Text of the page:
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COMMONWEALTH v. FALCONE (10/09/70)

decided: October 9, 1970.

COMMONWEALTH
v.
FALCONE, APPELLANT



Appeal from order of Court of Common Pleas of Carbon County, Jan. T., 1955, Nos. 4 and 5, in case of Commonwealth of Pennsylvania v. Daniel Falcone.

COUNSEL

Thomas S. McCready, for appellant.

Murray Mackson, First Assistant District Attorney, and John Deutsch, District Attorney, for Commonwealth, appellee.

Bell, C. J., Jones, Cohen, Eagen, O'Brien, Roberts and Pomeroy, JJ. Opinion by Mr. Justice Jones. Mr. Chief Justice Bell dissents.

Author: Jones

[ 440 Pa. Page 62]

Following a jury trial in the Court of Common Pleas of Carbon County, Daniel Falcone was found guilty of first-degree murder and was sentenced, on January 29, 1955, to life imprisonment. No direct appeal was taken, but on February 11, 1969, Falcone filed a petition for the allowance of an appeal under the Post Conviction Hearing Act. An evidentiary hearing was held on May 16, 1969, at which time testimony was given by Falcone and by his trial counsel, Edmond Turtzo, Esquire. In an opinion filed January 2, 1970, the lower court dismissed Falcone's petition. This appeal followed.

The contention raised on this appeal is that Falcone did not knowingly and understandingly waive his right to appeal because: (1) he was not informed of his right to appeal (Act of February 15, 1870, P. L. 15, § 1, 19 P.S. § 1186); (2) he was not informed of his right to have the aid of court-appointed counsel to prosecute

[ 440 Pa. Page 63]

    his appeal, if indigent (Douglas v. California, 372 U.S. 353 (1963)); and (3) his failure to appeal was due to a fear of receiving the death penalty on retrial (Commonwealth v. Littlejohn, 433 Pa. 336, 250 A.2d 811 (1969)).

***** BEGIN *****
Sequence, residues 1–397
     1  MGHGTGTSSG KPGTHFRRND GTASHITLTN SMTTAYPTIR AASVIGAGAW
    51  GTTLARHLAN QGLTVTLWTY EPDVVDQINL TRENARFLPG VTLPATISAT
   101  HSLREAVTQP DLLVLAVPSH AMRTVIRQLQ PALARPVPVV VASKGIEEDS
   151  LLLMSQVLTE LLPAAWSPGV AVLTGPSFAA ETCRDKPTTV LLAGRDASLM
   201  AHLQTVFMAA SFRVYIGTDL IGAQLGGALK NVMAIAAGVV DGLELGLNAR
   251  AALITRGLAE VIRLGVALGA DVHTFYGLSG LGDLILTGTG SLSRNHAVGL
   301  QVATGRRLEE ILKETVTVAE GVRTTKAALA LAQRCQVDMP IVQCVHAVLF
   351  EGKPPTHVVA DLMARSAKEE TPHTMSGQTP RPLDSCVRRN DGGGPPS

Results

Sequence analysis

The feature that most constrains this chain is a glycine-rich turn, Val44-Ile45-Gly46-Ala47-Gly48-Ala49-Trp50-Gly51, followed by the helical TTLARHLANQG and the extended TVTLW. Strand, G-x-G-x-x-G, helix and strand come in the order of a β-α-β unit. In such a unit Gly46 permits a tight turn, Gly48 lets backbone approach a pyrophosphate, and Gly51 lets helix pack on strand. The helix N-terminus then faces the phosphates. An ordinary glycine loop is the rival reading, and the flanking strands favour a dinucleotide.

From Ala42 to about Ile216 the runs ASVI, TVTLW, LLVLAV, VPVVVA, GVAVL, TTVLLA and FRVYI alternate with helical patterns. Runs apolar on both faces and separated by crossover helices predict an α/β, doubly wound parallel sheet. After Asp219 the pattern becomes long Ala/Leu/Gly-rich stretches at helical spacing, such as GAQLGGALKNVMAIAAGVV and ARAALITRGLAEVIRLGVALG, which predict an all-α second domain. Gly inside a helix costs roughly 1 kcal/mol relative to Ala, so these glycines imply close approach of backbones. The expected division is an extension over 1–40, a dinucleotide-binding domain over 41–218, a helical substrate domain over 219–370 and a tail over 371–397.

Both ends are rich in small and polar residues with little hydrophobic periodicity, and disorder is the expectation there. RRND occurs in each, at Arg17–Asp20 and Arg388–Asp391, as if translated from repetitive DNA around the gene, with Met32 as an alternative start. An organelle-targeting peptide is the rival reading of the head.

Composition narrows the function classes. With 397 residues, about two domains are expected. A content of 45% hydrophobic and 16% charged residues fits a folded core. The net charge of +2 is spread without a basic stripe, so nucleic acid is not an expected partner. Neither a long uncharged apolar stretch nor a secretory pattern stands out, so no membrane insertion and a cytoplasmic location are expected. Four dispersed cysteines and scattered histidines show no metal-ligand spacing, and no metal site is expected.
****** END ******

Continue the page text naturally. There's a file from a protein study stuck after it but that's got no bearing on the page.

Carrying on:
As to the first point, the record is clear, as found by the lower court, that Falcone was fully informed of his right to appeal following his conviction. At the PCHA hearing, Turtzo stated that he had told Falcone that a new trial was not available simply by asking for it, that Turtzo could not find any errors which might be grounds for an appeal, but that, nevertheless, Turtzo would file Falcone's appeal if so desired. The following passage is exemplary of Turtzo's testimony: "Q. Now, in keeping with the court's ruling, Mr. Turtzo, are you able to state, in your opinion, whether or not Mr. Falcone knew of his rights to appeal, based upon your discussions with him, after the trial and up until sentencing or shortly after? A. He certainly did. After the trial, as well as many conversations held with him about that matter of appeal and the consequences, and so on, prior to the time of conviction, and we took copious notes throughout the trial, between myself particularly and Mr. Joella and the other attorneys, looking for error, as an attorney should." We affirm the finding of the lower court that Falcone knew of his right to appeal.

The second point raised by Falcone is based upon the fact that, at the time of trial in 1954 and 1955, Turtzo did not advise his client that he was entitled to have court-appointed counsel on his appeal, if indigent. The lower court made the following finding of fact, which has ample support in the record: "The evidence warrants a finding that defendant, who has employed [four] trial lawyers, was not an indigent either before or after the trial, and that post-trial motions were not

[ 440 Pa. Page 64]

    filed solely because of lack of any reason therefor, in counsel's opinion, and knowingly acquiesced therein by defendant." There is utterly no evidence that Falcone was indigent and the record indicates that Falcone, in fact, has had able, ...


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